Hypothermia & frostbite - keep your cat safe from dangerous winter conditions
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Hypothermia & frostbite - Dangerous, yet avoidable, winter conditions

Drs. Foster & Smith Educational Staff
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Hypothermia and Frostbite in Cats

Winter can be a hazardous season for your cat, especially if she spends time outdoors. We always advise keeping cats indoors for their best health and longevity. However, some cats prefer to live outdoors, and some slip outdoors whenever possible.

Hypothermia and frostbite commonly affect cats who are outdoors in extremely windy and cold weather without sufficient shelter, as well as cats with certain medical conditions such as diabetes or those taking certain medications including beta-blockers.


  • This potentially fatal condition occurs when your cat's body temperature drops too low for her body systems to function normally.
  • Symptoms include violent shivering, slow and shallow respiration, a slow heart rate, and pale or bluish gums.

If you suspect your cat has hypothermia, contact your veterinarian right away. Wrap her in warm blankets, keep her horizontal, and immediately transport her to your veterinarian. Do not rub or massage her. Do not use water bottles, heating pads, or hair dryers to warm her, as these can cause serious burns. Hypothermia can cause heart arrhythmias, shock, and death.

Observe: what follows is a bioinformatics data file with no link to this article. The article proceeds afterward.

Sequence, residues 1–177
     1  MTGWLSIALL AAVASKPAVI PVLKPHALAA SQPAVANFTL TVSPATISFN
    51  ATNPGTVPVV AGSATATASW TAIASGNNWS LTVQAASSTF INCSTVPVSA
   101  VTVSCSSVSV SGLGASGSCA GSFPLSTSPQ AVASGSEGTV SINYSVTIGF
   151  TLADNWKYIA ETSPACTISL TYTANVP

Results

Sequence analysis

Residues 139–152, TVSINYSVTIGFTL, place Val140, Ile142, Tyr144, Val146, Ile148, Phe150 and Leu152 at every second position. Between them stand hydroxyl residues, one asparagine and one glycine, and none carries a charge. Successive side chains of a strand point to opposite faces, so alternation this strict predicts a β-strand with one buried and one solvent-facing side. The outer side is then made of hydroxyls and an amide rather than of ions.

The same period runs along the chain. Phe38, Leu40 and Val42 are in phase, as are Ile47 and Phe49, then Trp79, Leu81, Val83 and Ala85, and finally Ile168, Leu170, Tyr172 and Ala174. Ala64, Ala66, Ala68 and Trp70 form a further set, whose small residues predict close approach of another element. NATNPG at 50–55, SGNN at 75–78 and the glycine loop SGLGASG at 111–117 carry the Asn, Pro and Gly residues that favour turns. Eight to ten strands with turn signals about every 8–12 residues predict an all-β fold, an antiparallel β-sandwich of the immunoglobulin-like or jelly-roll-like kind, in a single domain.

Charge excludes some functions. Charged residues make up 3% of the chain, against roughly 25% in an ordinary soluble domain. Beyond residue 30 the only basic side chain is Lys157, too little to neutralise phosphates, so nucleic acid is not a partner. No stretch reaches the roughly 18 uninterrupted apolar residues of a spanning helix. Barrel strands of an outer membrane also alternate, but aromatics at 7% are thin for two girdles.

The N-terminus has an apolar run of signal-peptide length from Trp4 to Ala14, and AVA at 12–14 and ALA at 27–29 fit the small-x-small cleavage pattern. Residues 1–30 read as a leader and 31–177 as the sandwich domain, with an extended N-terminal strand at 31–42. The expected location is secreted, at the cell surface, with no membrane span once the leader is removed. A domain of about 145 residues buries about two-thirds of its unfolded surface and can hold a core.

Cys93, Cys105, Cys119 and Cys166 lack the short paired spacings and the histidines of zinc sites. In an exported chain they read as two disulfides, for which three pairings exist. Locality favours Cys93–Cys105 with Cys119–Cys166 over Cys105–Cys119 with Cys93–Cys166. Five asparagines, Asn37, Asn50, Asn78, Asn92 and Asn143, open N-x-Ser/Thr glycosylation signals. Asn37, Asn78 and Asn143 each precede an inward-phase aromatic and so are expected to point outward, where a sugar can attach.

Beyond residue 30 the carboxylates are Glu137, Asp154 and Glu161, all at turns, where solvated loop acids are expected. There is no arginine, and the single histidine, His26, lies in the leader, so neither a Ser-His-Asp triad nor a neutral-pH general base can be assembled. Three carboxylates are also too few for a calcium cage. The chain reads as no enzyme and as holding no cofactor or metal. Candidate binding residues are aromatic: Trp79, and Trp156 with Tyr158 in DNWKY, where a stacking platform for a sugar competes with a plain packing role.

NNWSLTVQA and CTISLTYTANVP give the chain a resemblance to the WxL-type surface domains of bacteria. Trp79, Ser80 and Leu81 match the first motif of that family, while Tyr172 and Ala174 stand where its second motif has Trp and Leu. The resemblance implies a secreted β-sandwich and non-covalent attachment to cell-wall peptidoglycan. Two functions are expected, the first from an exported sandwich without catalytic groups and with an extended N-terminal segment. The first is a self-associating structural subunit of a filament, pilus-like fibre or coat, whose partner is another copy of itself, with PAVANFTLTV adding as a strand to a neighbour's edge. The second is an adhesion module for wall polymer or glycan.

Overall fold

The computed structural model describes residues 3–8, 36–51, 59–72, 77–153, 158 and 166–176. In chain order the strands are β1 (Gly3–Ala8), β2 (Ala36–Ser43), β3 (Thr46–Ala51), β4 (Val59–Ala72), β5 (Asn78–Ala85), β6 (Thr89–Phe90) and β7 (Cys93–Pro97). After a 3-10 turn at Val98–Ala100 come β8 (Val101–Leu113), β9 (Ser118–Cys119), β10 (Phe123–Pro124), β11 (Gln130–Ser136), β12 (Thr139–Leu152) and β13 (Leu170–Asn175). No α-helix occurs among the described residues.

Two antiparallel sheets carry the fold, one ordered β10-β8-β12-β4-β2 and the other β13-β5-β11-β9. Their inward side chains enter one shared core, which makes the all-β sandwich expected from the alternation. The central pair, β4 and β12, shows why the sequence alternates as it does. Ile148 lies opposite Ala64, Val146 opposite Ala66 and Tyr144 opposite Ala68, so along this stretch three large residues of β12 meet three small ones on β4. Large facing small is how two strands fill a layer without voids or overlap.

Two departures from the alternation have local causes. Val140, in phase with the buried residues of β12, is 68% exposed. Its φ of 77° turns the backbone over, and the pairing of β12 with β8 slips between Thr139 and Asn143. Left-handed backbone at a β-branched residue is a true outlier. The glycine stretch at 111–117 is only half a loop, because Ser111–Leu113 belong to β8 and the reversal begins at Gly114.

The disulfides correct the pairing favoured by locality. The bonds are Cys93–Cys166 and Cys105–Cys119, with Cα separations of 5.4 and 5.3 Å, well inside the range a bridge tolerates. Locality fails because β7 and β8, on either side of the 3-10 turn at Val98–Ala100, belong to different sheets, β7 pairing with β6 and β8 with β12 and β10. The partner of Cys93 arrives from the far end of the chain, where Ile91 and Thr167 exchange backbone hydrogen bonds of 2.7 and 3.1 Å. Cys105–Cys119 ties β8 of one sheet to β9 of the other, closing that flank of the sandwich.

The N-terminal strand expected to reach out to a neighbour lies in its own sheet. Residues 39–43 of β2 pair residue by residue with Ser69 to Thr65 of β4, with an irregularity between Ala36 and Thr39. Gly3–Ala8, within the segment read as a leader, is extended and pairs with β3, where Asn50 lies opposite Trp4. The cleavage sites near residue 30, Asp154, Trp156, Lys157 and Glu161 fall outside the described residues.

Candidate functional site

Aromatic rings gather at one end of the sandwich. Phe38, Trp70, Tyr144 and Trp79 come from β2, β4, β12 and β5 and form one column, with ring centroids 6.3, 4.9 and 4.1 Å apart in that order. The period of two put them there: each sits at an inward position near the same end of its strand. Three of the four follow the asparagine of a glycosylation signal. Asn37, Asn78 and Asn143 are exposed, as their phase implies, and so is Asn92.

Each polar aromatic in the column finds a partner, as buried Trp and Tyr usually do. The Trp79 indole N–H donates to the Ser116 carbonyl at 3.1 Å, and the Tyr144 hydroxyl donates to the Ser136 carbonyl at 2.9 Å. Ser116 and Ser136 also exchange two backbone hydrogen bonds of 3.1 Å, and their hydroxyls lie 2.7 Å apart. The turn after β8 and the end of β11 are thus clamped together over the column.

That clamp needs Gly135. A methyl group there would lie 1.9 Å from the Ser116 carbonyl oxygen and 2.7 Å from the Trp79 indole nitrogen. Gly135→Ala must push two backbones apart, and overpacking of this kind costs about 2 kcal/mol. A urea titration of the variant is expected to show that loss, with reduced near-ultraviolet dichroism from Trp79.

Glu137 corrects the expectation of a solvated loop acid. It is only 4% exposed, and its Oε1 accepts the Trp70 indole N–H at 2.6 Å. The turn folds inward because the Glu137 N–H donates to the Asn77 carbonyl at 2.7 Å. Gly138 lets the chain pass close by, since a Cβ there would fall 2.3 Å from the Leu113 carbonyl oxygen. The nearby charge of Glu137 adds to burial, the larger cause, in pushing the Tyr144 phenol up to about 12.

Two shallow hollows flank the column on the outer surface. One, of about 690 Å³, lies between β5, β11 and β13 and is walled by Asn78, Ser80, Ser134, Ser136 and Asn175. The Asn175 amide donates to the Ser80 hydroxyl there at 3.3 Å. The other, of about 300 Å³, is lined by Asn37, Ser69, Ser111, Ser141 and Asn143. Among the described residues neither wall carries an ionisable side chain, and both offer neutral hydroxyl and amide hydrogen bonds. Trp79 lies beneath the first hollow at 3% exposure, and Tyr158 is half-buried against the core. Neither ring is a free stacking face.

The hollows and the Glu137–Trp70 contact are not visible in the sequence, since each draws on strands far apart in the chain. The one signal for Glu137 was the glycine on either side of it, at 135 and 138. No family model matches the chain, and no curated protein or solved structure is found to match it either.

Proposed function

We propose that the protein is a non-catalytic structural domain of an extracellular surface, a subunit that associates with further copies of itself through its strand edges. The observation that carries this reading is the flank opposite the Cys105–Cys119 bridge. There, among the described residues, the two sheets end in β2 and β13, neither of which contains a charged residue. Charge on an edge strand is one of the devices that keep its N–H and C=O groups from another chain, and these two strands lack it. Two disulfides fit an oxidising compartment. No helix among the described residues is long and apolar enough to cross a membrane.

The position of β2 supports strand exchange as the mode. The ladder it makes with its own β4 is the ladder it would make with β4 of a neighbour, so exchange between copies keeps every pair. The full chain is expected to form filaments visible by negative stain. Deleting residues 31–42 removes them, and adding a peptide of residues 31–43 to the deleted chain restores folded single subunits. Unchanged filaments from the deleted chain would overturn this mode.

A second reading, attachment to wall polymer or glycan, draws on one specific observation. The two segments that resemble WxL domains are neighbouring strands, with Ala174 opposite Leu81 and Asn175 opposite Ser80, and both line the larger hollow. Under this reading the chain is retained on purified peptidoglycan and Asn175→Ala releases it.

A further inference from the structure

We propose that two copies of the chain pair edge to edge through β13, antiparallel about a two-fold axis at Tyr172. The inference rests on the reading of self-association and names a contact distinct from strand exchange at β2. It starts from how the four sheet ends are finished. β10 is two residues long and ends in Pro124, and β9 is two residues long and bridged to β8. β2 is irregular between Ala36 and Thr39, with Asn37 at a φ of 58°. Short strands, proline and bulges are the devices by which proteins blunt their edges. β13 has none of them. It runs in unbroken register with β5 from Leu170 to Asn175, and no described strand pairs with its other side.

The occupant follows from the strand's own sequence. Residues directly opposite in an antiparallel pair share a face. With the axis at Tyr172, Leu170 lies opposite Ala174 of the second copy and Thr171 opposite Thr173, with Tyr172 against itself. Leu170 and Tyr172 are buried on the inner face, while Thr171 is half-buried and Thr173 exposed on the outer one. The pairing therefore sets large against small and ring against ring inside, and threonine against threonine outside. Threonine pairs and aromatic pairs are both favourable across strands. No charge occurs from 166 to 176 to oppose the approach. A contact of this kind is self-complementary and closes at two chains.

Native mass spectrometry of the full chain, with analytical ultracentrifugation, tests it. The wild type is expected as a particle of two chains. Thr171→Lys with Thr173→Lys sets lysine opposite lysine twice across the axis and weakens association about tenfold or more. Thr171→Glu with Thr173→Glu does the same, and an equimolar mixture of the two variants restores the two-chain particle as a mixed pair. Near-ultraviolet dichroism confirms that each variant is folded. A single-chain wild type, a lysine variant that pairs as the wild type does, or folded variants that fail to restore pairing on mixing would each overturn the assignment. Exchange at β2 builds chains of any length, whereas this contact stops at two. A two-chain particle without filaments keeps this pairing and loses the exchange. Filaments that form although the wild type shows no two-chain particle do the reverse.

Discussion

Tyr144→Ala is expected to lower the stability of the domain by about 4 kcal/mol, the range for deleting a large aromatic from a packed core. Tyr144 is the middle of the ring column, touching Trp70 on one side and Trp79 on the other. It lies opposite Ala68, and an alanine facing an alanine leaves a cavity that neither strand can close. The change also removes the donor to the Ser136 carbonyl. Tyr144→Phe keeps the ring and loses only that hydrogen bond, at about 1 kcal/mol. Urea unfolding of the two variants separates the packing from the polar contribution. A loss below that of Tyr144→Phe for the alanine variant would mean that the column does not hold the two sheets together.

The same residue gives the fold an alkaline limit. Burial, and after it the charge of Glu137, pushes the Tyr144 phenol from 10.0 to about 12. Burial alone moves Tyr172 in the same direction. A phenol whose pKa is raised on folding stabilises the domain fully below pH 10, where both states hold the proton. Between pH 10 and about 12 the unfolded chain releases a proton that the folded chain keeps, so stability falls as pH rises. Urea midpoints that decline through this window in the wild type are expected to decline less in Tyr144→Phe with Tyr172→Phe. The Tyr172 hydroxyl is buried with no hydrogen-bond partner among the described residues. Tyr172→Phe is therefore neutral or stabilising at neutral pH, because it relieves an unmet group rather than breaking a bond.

• A result of extended tissue exposure in freezing or subfreezing temperatures, frostbite most commonly affects the tips of the ears, the tail, the scrotum, and the feet (especially toes).
  • Blood vessels in frostbitten tissue constrict and stop blood flow from warming the area. The area eventually becomes pale, hard, and as cold as the surrounding air temperature.
  • If the tissue actually freezes, it will die and eventually slough off over the course of several weeks.

If you suspect your cat has frostbite, contact your veterinarian immediately. If your cat’s coat is wet, gently pat it dry with a towel (do NOT rub or massage the area), and begin warming the affected area by wrapping your cat in insulating blankets. Do NOT use direct dry heat such as a heating pad or hair dryer. Immediately transport your cat to your veterinarian for further treatment, as your cat may have hypothermia as well. If you cannot keep the frostbitten area warm, do NOT warm it, as refreezing will greatly injure the tissues.

If your cat lives outdoors during winter, give her appropriate shelter and other cold-weather essentials. An Outdoor Kitty House is ideal, thanks to its sturdy, weather-resistant construction. Whenever possible, keep your cat indoors and safe from threatening winter weather.

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